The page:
Introduction to Matplotlib Palette

Introduction to Matplotlib Palette

When it comes to data visualization, having a good color palette is crucial. Matplotlib, one of the most popular libraries for creating graphs and plots in Python, offers a variety of built-in color palettes to choose from. In this article, we will explore how to use these palettes in Matplotlib to create visually appealing plots.

Default Color Palette

Matplotlib has a default color palette that is used when no specific colors are specified. Let’s take a look at an example:

import matplotlib.pyplot as plt
import numpy as np

x = np.linspace(0, 10, 100)
y = np.sin(x)

plt.plot(x, y)
plt.show()

Output:

Introduction to Matplotlib Palette

In the example above, Matplotlib uses the default color for the line plot. If you want to change the default color, you can do so by specifying a color using the color parameter.

Using Built-In Palettes

Matplotlib provides several built-in color palettes that you can use to customize the colors in your plots. Let’s take a look at some examples:

Viridis Palette

The Viridis color palette is a perceptually uniform color map that is widely used for data visualization. You can use it in Matplotlib like this:

import matplotlib.pyplot as plt
import numpy as np

x = np.linspace(0, 10, 100)
y = np.sin(x)

plt.scatter(x, y, c=y, cmap='viridis')
plt.colorbar()
plt.show()

Output:

Introduction to Matplotlib Palette

Plasma Palette

The Plasma color palette is another popular choice for data visualization. You can use it in Matplotlib like this:

import matplotlib.pyplot as plt
import numpy as np

x = np.linspace(0, 10, 100)
y = np.sin(x)

plt.scatter(x, y, c=y, cmap='plasma')
plt.colorbar()
plt.show()

Output:

Introduction to Matplotlib Palette

Inferno Palette

The Inferno color palette is known for its high contrast colors, making it suitable for highlighting differences in data. You can use it in Matplotlib like this:

import matplotlib.pyplot as plt
import numpy as np

x = np.linspace(0, 10, 100)
y = np.sin(x)

plt.scatter(x, y, c=y, cmap='inferno')
plt.colorbar()
plt.show()

Output:

Introduction to Matplotlib Palette

Magma Palette

The Magma color palette is similar to the Inferno palette but with a different color scheme. You can use it in Matplotlib like this:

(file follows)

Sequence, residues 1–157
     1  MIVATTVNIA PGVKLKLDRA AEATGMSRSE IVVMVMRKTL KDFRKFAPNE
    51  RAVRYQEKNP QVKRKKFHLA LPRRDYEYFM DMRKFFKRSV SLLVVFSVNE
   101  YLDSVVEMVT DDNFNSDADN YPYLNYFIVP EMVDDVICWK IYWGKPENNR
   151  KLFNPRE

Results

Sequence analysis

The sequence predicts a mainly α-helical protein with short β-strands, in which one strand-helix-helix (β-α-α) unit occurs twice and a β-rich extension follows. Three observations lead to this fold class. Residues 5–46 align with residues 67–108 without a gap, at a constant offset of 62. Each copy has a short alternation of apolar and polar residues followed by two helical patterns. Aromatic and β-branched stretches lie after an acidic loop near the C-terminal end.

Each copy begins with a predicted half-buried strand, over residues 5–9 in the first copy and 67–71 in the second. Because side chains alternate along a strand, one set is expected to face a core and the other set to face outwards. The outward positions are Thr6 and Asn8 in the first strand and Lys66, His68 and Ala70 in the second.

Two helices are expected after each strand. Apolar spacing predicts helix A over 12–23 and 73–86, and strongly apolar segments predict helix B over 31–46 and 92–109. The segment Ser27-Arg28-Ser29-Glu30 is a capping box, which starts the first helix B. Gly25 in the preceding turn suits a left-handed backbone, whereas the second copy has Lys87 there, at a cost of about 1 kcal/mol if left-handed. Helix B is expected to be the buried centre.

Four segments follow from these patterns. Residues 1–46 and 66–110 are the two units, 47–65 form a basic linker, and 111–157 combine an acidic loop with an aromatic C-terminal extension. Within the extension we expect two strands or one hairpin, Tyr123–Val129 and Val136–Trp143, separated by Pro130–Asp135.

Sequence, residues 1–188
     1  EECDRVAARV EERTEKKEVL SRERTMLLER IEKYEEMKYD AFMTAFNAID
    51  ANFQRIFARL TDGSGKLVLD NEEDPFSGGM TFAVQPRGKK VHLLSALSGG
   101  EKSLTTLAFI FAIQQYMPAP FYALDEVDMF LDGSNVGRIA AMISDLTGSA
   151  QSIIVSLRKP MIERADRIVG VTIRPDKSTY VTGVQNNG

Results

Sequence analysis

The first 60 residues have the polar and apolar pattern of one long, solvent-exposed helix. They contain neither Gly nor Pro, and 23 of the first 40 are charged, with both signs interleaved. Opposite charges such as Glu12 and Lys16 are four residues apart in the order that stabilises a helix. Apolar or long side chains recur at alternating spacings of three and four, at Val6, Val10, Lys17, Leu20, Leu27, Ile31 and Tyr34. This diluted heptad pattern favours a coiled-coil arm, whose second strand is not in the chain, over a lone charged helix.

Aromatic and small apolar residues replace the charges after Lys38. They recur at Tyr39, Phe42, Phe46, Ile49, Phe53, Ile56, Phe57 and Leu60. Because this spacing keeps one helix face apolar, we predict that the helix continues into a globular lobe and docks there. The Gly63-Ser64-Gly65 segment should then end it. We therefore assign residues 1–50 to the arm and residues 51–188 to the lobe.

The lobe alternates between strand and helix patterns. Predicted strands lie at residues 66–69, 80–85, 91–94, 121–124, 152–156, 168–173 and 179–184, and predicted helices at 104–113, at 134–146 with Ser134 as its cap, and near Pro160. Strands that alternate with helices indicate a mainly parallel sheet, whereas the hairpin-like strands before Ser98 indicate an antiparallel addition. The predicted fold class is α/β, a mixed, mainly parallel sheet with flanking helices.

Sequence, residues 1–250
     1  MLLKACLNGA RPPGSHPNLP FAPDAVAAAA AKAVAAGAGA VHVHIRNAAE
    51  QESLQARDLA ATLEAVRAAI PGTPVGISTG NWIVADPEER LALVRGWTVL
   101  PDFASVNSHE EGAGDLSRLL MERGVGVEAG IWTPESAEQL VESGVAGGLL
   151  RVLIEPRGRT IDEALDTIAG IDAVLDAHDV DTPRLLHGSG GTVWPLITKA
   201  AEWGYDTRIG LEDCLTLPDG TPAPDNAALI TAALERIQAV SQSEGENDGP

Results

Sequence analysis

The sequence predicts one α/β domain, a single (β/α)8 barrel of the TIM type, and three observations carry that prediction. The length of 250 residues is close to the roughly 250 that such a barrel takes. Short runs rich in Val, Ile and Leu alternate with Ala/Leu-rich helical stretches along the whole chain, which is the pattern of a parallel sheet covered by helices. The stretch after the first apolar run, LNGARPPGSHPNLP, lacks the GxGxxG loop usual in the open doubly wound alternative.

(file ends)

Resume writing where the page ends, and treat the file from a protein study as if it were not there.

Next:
import matplotlib.pyplot as plt
import numpy as np

x = np.linspace(0, 10, 100)
y = np.sin(x)

plt.scatter(x, y, c=y, cmap='magma')
plt.colorbar()
plt.show()

Output:

Introduction to Matplotlib Palette

Jet Palette

The Jet color palette is a rainbow color map that was widely used in the past but is now discouraged due to its poor perceptual uniformity. You can use it in Matplotlib like this:

import matplotlib.pyplot as plt
import numpy as np

x = np.linspace(0, 10, 100)
y = np.sin(x)

plt.scatter(x, y, c=y, cmap='jet')
plt.colorbar()
plt.show()

Output:

Introduction to Matplotlib Palette

Customizing Palettes

In addition to the built-in color palettes, you can also create custom palettes in Matplotlib. Let’s take a look at an example:

import matplotlib.pyplot as plt
import numpy as np

colors = ['red', 'green', 'blue', 'orange', 'purple']
plt.bar(range(5), range(5), color=colors)
plt.show()

Output:

Introduction to Matplotlib Palette

In the example above, we created a custom color palette using a list of color names and applied it to a bar plot.

Conclusion

In this article, we explored how to use color palettes in Matplotlib to create visually appealing plots. We looked at the default color palette, built-in palettes such as Viridis, Plasma, Inferno, Magma, and Jet, as well as how to create custom palettes. By choosing the right color palette for your data visualization, you can effectively convey information and make your plots more engaging. Experiment with different palettes to find the one that works best for your data and audience.

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